Thomas Jefferson was an American Founding Father who was the principal author of the Declaration of Independence and later served as the third President of the United States from 1801 to 1809. Previously, he had been elected the second Vice President of the United States, serving under John Adams from 1797 to 1801. Take a look below for 30 more fun and interesting facts about Thomas Jefferson.
1. He was a proponent of democracy, republicanism, and individual rights motivating American colonists to break from Great Britain and form a new nation.
2. Jefferson produced formative documents and decisions at both the state and national level.
3. Jefferson was mainly of English ancestry, born and educated in colonial Virginia.
4. He graduated from the College of William and Mary and briefly practiced law, with the biggest number of his cases concerning land ownership claims.
5. During the American Revolution, he represented Virginia in the Continental Congress that adopted the Declaration, drafted the law for religious freedom as a Virginia legislator, and served as a wartime governor.
6. He became the United States Minister to France in May 1785, and subsequently the nation’s first Secretary of State in 1790 to 1793, under President George Washington.
7. Jefferson and James Madison organized the Democratic-Republican Party to oppose the Federalist Party during the formation of the First Party System.
8. With Madison, Jefferson anonymously wrote the controversial Kentucky and Virginia Resolutions in 1798, which sought to strengthen states’ rights by nullifying the federal Alien and Sedition Acts.
9. As President, Jefferson pursued the nation’s shipping and trade interests against Barbary pirates and aggressive British trade policies.
10. He organized the Louisiana Purchase, almost doubling the country’s territory.
11. As a result of peace negotiations with France, his administration reduced military forces.
12. Jefferson’s second term was filled with difficulties at home, including the trial of former Vice President Aaron Burr.
13. American foreign trade was diminished when Jefferson implemented the Embargo Act of 1807, responding to British threats to U.S. shipping.
14. In 1803, Jefferson began a controversial process of Indian tribe removal to the newly organized Louisiana Territory, and he signed the Act Prohibiting Importation of Slaves in 1807.
15. While he was primarily a planter, lawyer and politician, he mastered many other disciplines, which ranged from surveying and mathematics to horticulture and mechanics.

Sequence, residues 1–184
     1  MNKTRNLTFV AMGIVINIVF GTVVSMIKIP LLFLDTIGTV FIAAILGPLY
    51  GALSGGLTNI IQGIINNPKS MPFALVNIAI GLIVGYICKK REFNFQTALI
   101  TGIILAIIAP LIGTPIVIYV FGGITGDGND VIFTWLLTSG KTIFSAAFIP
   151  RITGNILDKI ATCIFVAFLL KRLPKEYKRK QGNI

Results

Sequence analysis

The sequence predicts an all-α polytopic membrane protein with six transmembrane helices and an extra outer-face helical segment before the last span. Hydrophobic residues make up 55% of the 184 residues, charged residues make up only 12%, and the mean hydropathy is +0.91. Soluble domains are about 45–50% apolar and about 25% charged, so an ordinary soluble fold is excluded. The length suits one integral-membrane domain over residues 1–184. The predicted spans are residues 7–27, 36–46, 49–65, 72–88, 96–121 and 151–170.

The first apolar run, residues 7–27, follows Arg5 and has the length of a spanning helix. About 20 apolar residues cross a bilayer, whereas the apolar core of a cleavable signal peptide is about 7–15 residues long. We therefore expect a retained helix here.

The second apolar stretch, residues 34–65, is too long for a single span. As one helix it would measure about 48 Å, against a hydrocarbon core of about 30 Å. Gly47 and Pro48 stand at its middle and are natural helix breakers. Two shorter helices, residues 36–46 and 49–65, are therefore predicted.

16. Jefferson’s keen interesting in religion and philosophy led to his presidency of the American Philosophical Society.
17. He shunned organized religion but was influenced by both Christianity and deism.
18. A philologist, Jefferson knew several languages.
19. His only full length book is Notes on the State of Virginia, which is considered perhaps the most important American book published before 1800.
20. After retiring from public office, Jefferson founded the University of Virginia.
21. Jefferson kept a record and drawings of all the plants and animals in Virginia. He loved to gaze and examine stars, planets and comets. He loved technology and innovation, and one of his favorites was a rotating book stand which would hold five books at a time.
22. Many of his 12 grandchildren lived with him at the same time. Jefferson would often organize races on the lawn of Monticello for the kids and train them how to play chess.
23. Jefferson had the bones of a mastodon, a 40 million year old animal that resembled an elephant.
24. Jefferson really loved books and had a colossal collection of them. He had 6,487 books in his personal library, which he offered as a replacement in 1814 when the original Library of Congress was burned to the ground by British troops.
25. In 1815, a new Library of Congress was created with Jefferson’s book collection.
26. Jefferson wrote an estimated 19,000 letters in his lifetime. He even made copies of them as he wrote using a polygraph machine.
27. While Jefferson was in France, he fell in love with the French cuisines. He asked his slave, James Hemings, to learn how to make French cuisine and in return, he would be freed.
28. He was the architect of his home, Monticello. It took Jefferson around 40 years to finish the house’s 33 rooms on four floors.
29. He loved to hear mockingbirds sing and used to keep at least four at a time. He named his darling bird “Dick.”
30. Among the other French delicacies, French wine was one of his favorites. After returning from France, he decided to have vineyards at Monticello too.
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